• cheeflo
    2 years ago

    After my rheumatologist of 13 years retired, I found a new rheumatologist (who I just love). One of the first things she did was order an x-ray of my neck, as I had been having some discomfort — nothing major, but bothersome and persistent. She and her colleagues saw something on the x-rays that they didn’t like, which was an apparent instability at the C1-C2 vertebrae — the ligaments were not doing their job of supporting my neck and skull. She referred me to a surgeon, who told me to not to worry, to get an MRI, and then he’d probably never see me again. However, after interpreting the MRI, he said while it wasn’t urgent, he thought I should have surgery to stabilize the vertebrae at my earliest convenience. It involved a posterior incision, a bone graft from my own hip, some hardware, physical therapy, and in my case, about 7 weeks in a rigid neck brace with strict limitations on activity during recuperation.

    So I pulled the trigger and had the surgery done. It went as well as anyone could hope and I got through it. I had very good doctors, stellar care at an excellent hospital, and the love and support of my friends and family. I have lost some range of motion side-to-side, but with a panoramic rearview mirror in the car, I can drive again and have returned to work. My hair is growing back in where it was shaved underneath and I have a magnificent scar.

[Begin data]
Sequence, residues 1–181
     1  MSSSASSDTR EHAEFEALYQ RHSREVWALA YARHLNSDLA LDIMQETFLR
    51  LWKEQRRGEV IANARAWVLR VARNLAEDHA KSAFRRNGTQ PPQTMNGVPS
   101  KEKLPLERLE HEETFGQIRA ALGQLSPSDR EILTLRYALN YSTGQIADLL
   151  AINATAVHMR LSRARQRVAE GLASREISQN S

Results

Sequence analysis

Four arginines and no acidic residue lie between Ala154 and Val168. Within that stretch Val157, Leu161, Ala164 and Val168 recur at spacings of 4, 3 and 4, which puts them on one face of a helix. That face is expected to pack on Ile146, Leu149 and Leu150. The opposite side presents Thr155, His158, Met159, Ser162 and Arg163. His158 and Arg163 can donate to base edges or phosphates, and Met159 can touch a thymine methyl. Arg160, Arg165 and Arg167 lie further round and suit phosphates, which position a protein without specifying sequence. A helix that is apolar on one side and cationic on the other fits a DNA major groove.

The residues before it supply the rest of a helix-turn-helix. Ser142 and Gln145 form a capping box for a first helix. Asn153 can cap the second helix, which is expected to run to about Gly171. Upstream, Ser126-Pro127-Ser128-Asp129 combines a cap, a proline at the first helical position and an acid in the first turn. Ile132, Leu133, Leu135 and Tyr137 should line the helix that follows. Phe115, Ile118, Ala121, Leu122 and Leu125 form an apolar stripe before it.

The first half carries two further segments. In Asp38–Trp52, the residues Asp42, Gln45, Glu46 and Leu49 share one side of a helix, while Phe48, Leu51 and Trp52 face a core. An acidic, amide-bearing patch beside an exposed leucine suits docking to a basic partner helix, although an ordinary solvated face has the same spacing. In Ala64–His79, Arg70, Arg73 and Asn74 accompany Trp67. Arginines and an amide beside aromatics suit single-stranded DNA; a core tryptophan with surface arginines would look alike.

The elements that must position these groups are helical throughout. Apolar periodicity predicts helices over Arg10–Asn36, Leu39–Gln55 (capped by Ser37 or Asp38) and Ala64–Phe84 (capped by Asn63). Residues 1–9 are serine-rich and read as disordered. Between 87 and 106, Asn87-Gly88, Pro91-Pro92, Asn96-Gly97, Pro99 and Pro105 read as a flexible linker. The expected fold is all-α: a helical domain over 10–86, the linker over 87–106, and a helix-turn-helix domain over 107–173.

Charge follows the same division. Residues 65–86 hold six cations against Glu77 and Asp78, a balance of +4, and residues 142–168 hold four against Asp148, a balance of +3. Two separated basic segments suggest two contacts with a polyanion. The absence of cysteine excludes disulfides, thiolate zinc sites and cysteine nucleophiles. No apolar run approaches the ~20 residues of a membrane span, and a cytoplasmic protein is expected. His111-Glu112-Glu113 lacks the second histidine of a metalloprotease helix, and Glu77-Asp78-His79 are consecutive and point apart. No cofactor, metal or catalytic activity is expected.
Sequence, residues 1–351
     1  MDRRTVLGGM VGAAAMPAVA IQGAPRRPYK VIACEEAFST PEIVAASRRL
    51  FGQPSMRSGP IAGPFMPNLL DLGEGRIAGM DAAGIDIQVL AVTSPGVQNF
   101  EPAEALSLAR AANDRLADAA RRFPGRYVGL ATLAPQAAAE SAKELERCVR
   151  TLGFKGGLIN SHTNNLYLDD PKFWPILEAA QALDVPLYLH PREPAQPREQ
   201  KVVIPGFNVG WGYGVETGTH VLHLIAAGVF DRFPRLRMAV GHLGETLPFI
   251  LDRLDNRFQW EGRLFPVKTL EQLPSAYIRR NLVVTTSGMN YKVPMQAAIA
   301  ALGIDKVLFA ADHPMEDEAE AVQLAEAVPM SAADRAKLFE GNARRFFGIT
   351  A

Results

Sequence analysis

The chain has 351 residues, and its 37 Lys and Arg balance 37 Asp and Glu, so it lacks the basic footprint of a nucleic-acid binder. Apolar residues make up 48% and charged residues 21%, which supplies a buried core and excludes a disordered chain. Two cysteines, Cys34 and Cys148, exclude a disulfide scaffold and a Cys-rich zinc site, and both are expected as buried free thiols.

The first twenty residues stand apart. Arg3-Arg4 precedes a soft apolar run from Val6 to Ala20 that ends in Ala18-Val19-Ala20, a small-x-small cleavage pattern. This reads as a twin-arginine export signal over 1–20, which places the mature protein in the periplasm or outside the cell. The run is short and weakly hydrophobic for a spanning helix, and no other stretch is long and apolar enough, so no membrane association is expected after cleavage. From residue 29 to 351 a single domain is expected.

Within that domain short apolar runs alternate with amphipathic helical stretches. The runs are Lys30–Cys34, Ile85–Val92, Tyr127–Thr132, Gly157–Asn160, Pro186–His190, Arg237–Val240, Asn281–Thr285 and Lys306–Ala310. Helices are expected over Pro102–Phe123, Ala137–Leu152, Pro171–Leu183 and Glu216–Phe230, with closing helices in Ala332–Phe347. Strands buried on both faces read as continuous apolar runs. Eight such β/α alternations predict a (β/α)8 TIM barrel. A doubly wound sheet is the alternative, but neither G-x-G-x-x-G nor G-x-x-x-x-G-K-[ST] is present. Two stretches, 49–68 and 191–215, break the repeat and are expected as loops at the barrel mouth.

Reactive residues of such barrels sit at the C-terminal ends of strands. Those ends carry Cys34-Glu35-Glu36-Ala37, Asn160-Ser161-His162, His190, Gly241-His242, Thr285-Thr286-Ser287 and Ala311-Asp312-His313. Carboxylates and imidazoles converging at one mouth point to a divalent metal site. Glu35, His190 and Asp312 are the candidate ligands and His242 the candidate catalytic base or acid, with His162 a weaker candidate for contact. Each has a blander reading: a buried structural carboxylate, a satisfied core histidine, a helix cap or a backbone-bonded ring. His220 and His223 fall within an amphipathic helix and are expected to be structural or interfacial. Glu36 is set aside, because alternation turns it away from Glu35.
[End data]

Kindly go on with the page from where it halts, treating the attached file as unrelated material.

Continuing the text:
I would suggest to you that you read as much as you can about the condition and the procedure and do not be afraid. That it is a complication of the RA, and not the result of an injury or accident works in your favor. It is riskier to forgo the surgery than it is to have it.

  • kat-elton author
    2 years ago

    Cheeflo thank you! I think we will be twinkles soon…. It relieves me to hear about driving as this has been a long term issue that’s been concerning me. I have a surgical consult next week and will be pro-active with getting the surgery done. Thanks again for all your helpful advice 🙂

  • Lucy
    2 years ago

    I was diagnosed with JRA when I was a teenager. I am now 59. I have had neck pain for as long as I can remember. It has finally progressed to the point where I pushed my doctor to that I can take action to see what is going on. I have nerve pain and tingling in my right arm that is sometimes unbearable. But I also have shoulder involvement. I am waiting on an appt with an ortho to discuss possible corrective surgery/treatment for my shoulder, and waiting on a prior authorization to be able to get a neck MRI. i want to know what is going on with my joints and the nerve pain and I want to get the appropriate treatment but it is overwhelming to have all this on my plate. Thanks for writing this as I knew nothing about the atlantoaxial joint at all. Good luck to you in your treatment.

  • kat-elton author
    2 years ago

    Hi Lucy! Thanks for writing. I’m glad you are getting this looked at and even though it must all be a bit overwhelming right now it sounds like you are on the right path to find some answers. I didn’t know much about the antaloaxial joint either, and I think soon I’ll know much more about it than I’d ever want to! I sure hope you get some answers soon and good luck to you as well. 🙂